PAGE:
The Brexit jigsaw

Deals with the European Union are known to be, “not a done deal” until the last minute.

by Victor Cherubim

Prime Minister Boris Johnson’s Internal Market Bill has cleared its first hurdle by 340 votes to 263, a majority of 77 in the House of Commons last evening 14 September 2020.

Five former Prime Ministers and 10 former Tory ministers are thought to back the idea of giving Parliament a final say on any overrides to the Withdrawal Agreement signed with the European Union.

But with a commanding majority in the House of Commons, Boris Johnson has hinted that the whip could be removed if the rebels don’t back down.

The key moments that have led to this Brexit saga

Brexit as many know is not just a storm in a teacup. It has had a long history. We all have known that this has been brewing for years, if not for decades. The defining moments in its history can be summed up as follows:

  1. The Maastricht Treaty or The Treaty on European Union of 7 February 1992 entered operation on 1 November 1993, was signed by the then Prime Minister, John Major, obtaining concessions to placate his rebels.
  2. The Black Wednesday,16 September 1992, saw Britain’s departure from the Fixed Exchange Rate Mechanism (ERM) of the European Monetary System. It had important consequences. The British Government was forced to withdraw the Pound Sterling from the ERM, after a failed attempt to keep the Pound above the lower currency exchange limit mandated by the ERM.
  3. The Lisbon Treaty of December 2007 signed on 13 December 2007 entered into force on 1 December 2009. It amended the Maastricht Treaty and the Treaty of Rome, called Treaty Establishing the European Community. It was thus not a new Constitution. But, Gordon Brown, the Labour Prime Minister surrenders Britain’s sovereignty, according to the Conservative rebels.
  4. On 1 February 2009, the European Debt crisis begins, first with the world realising that Greece could default on its debt. In three years, it escaladed into the potential for sovereign debt defaults from Portugal, Italy, Ireland, and Spain.
  5. The fear was a two-tier Europe with preferential treaties for euro members.
  6. In February 2016, David Cameron’s EU Reform deal fails, leading the way for Britain to vote Leave Europe on 23 June 2016.
  7. The rest is history, when Boris Johnson is voted in December 2019 with an overwhelming majority to negotiate a New Deal with Europe and leave on 31 December 2020 – Deal or No Deal.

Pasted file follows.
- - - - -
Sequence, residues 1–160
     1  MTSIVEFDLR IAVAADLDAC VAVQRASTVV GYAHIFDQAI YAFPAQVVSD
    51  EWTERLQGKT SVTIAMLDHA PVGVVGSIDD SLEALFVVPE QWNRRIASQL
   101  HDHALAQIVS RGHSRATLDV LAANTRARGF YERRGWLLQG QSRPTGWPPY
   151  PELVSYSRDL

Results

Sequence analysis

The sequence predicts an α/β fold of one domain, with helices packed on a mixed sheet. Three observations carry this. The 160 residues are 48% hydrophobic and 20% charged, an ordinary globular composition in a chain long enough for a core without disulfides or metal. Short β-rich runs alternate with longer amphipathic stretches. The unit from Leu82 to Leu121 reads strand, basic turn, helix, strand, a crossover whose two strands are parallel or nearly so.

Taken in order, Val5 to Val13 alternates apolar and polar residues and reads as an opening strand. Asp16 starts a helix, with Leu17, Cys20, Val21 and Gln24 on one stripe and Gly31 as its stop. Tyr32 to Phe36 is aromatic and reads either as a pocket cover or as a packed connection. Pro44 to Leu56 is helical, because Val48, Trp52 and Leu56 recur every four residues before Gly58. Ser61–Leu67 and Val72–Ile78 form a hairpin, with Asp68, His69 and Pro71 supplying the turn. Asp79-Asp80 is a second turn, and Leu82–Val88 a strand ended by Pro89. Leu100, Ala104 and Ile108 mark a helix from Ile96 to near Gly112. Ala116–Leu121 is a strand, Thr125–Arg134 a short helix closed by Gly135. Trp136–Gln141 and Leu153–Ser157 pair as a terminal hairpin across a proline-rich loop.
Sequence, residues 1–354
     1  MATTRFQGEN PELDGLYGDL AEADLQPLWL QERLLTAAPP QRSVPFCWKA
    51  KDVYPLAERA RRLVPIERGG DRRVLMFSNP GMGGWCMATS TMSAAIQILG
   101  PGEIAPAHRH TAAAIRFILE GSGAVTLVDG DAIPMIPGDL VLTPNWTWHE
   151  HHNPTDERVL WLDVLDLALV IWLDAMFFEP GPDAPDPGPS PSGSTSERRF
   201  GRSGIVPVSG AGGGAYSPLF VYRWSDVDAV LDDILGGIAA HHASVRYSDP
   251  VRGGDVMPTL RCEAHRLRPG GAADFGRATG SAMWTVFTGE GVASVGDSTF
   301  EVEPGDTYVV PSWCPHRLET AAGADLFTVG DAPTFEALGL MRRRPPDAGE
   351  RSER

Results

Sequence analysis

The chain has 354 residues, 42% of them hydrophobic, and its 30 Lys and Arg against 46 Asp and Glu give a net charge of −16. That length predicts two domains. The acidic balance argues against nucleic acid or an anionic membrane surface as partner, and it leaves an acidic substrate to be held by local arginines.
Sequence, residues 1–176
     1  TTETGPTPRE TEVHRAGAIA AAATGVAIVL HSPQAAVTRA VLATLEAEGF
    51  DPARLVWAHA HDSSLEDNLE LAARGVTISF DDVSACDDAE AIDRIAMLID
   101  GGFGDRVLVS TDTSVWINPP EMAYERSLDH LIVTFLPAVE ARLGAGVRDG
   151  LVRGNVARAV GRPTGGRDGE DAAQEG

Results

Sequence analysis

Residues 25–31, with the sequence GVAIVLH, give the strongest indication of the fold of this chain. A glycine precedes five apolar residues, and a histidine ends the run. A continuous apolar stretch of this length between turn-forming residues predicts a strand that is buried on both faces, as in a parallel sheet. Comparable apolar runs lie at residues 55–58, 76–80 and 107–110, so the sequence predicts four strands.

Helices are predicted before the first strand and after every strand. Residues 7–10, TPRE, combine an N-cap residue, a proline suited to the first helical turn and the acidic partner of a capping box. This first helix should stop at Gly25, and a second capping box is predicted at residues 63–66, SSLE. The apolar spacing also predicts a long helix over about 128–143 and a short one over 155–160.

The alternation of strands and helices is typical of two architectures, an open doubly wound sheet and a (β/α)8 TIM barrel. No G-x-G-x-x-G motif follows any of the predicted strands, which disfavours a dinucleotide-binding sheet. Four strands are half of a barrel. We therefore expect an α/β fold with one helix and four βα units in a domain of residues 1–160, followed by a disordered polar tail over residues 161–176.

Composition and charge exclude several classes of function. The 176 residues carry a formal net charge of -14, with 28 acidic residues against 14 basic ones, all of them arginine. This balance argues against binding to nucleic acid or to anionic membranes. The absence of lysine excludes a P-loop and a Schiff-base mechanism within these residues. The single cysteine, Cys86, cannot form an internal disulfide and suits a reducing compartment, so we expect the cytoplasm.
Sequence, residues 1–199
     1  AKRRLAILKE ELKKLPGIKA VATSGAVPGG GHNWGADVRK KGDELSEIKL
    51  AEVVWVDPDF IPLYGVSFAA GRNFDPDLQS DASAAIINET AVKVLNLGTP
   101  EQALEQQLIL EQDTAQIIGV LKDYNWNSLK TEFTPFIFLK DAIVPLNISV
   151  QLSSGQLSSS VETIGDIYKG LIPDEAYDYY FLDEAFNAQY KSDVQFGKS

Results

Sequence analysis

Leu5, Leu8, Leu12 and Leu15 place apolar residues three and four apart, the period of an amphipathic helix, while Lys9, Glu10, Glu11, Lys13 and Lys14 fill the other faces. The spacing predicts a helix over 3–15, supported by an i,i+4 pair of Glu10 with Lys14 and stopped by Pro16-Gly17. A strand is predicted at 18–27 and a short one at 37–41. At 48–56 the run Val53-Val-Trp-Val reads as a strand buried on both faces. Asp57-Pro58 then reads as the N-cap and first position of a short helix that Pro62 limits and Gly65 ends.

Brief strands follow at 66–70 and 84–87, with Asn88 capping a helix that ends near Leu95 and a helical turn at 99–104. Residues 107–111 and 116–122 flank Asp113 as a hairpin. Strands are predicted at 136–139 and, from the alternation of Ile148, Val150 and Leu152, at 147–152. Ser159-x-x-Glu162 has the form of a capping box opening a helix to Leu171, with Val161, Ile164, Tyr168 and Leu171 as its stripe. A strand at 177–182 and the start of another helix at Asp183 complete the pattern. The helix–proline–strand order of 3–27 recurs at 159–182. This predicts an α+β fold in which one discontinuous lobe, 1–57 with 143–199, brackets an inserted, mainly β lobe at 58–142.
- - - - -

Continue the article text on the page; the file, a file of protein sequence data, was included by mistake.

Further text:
Let me say with all humility that each of the above episodes have been witnessed by me during my long stay in Britain. I may recount this saga, more like pages and chapters in my understanding of the Brits and their way of life. I may even go on to state that unlike other nations, the Brits never give up. It is all because their lives are enshrouded in history. They unlike in Sri Lanka, do not have a written Constitution. Time is not a defined commodity, nor is history.

A whole new Brexit Battle

The whole saga is a high risk, high stakes game between Britain and Europe. Of course, the reality is not just the border issue of Northern Ireland, Britain, Ireland, and Europe. There is more to it than meets the eye. The controversial proposal to change the law as an “insurance” to ensure goods can move easily between the UK’s 4 Nation States, is one part of the argument. The other unexpressed part of this negotiation is the fact that there is a lot more wrong with the Withdrawal Agreement than the Border Issue of Northern Ireland.

What about the Trade Deal with the EU?

Deals with the European Union are known to be, “not a done deal” until the last minute.

Deals with the European Union are also known to be done not “by negotiation” but by “a meeting of minds” of Heads of State.

Will it be expediency rather than argument, that will resolve the issue of trade, is a matter of conjecture?

Post a Comment